Thirty-one dogs took the test: 19 passed and 12 failed. Most of the dozens of people exercising dogs in the hilly, 13-acre park avoided the citizenship testing area, which was marked off with bright orange cones.
On that morning, the test was voluntary, but there is some talk around Dolores Park that it might not always be so. Tom Cramer, a co-director of Dolores Park Dogs, says the group has discussed proposing that the doggie ordeal be made mandatory for anyone who wants to run his dog off-leash in the park. Non-good-citizen dogs would still be allowed to walk and poop on-leash, but they could play off-leash only in a designated, confined area.
For decades, dogs have roamed freely in Dolores Park. Why now are some people -- dog lovers, no less -- thinking of curtailing that historic freedom? The answer must be considered in the context of the larger dog wars racking San Francisco. Last week, over 1,000 angry dog people accosted the Golden Gate National Recreation Area Citizens' Advisory Commission, which has proposed eliminating off-leash dog running from San Francisco's federally managed beaches. After more than three hours of pro-dog testimony, though, the commission partially caved, postponing the decision for four months.
The battle may be joined again on Feb. 15, when the Department of Recreation and Parks is poised to issue a citywide off-leash policy. According to a department spokesperson, some parks that now allow off-leash dogs may revert to on-leash only, though rule changes in other parks will probably keep the overall number of off-leash-friendly spaces the same. Dog lovers who use the 18 city parks where off-leash running is now allowed are frightened that the city's new rules will limit already scarce dog space.
Dolores Park Dogs' citizenship idea is one response to those fears. Those opposed to free-running dogs typically justify their on-leash position as environmentalism. As the battle for control of San Francisco's urban parks heats up, dog lovers are going to great lengths to defuse these environmental objections and to plan for all eventualities, including administering compulsory tests to dogs, if all else fails.
Dolores Park Dogs is a single-issue group focused on preserving Dolores Park for off-leash dog use. Its 400 members are extremely proactive in their campaign to protect off-leash privileges. Every Saturday, volunteers manicure the park, picking up not only dog poop but human poop, trash, syringes, and unmentionables. The organization recently spent several thousand dollars sodding a grassy area that had been denatured by playful Canis familiaris.
At a planning meeting in early December at the Golden Gate Lutheran Church on 19th Street and Dolores, Cramer and his co-directors moved their agenda items while a pack of dogs frolicked in the church nave. They talked about how the Parks Department closed nearby Precita and Holly parks to off-leash dog use, causing an increase in free-running dogs pooping in Dolores Park. That is a problem, said Cramer, because it exacerbates the complaining of anti-dog types from neighborhood associations around the park.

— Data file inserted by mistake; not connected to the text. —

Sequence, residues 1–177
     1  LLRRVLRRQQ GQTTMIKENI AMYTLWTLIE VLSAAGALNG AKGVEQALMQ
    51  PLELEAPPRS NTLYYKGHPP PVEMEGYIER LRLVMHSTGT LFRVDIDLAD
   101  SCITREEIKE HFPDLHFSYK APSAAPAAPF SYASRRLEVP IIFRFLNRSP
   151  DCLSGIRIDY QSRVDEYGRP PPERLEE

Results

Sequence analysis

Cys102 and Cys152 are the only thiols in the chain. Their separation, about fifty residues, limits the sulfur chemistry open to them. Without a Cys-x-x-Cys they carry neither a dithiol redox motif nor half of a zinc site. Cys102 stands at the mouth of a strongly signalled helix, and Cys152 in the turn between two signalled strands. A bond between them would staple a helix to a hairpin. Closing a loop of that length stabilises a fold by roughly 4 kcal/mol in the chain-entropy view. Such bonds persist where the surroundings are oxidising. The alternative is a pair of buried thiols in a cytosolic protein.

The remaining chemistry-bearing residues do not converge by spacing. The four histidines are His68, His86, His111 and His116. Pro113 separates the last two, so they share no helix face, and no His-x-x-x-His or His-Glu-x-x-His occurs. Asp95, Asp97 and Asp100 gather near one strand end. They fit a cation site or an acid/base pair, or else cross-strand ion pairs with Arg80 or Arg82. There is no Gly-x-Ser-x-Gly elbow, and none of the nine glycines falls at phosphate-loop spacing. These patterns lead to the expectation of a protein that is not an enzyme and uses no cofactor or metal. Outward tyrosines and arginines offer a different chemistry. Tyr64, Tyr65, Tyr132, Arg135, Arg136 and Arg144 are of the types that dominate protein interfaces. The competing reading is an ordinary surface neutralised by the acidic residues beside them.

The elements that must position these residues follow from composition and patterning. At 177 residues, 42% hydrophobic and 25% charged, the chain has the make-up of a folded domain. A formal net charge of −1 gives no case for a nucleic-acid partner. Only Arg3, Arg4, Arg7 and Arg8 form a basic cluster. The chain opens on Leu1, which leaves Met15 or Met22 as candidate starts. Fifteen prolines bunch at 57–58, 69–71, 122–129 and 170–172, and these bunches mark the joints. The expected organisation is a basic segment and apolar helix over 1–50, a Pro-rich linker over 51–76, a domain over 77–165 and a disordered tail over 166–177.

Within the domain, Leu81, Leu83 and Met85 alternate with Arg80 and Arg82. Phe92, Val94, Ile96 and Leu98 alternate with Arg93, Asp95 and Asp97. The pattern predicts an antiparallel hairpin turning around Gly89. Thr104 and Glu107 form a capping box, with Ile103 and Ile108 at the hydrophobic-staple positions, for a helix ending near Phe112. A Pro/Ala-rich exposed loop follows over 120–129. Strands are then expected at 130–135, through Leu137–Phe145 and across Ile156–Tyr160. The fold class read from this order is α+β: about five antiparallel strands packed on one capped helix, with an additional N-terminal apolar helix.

Dolores Park Dogs' most vocal critics maintain that the scores of dogs that visit the park are unsanitary and frighten children in the playground, which abuts the main dog-running area. Dolores Park Dogs' leaders and representatives of the dog opposition, such as Donald Bird of Friends of Dolores Park, have been attending regular summits at the office of Supervisor Mark Leno, who is trying to broker a peace. Bird's group wants to confine off-leash dogs in certain areas. Several plans are being debated. One is to put a hedge between the playground and the most popular dog run. Another is to restrict off-leash running to a newly designated area that would be created by spending $250,000 to move a soggy soccer field, which is on the other side of the park from the playground. The soccer field has already cost the city well over $1 million in retrofits because city engineers can't get it to drain properly, despite repeated attempts. Moving it a hundred yards or so would free up some space for the dogs, says a spokesperson for the Parks Department, but there might be problems with the soccer people.
Katie Brackenridge, co-director of the Jamestown Community Center, represents some of the soccer folks. "Moving the field is ridiculous, criminal, insane," says Brackenridge. "I can't believe anyone would seriously consider it."
Dolores Park Dogs' leaders say they do not believe the soccer field will be moved. Publicly considering that possibility, however, is part of a larger political strategy. The leaders agree that backing down on the idea of moving the field makes them appear to be ultra-reasonable. The trick, they say, is to somehow corner the opposition into appearing to be unreasonable.
There is very little middle ground in the dog wars.
Testing for good citizenship is also part of Dolores Park Dogs' strategy. It is a last resort in the event of Dogmaggedon -- should the Parks Department's upcoming ruling restrict dog life at the same time the National Park Service makes beaches off-limits to the unleashed. Under the group's plan, dogs that pass the behavior test would be issued a tag identifying them as good citizens -- a kind of Ellis Island inspection for dogs, complete with visa.
Enforcement might be a problem. The police who patrol the park seem to have their hands full rousting drug dealers and drunks. And of the dozens of dog walkers who did not submit their pets to the citizenship test that Saturday morning, many said they never would; one said the idea is overcontrolling.
At Fort Funston, there is wide talk of civil disobedience, should the GGNRA make its 74,000 beachfront acres off-limits to free-running dogs for the benefit of bank swallows and shrubbery. At Dolores Park, however, another path has been mapped: enforced obedience by dogs and masters, and the concomitant creation of a canine elite.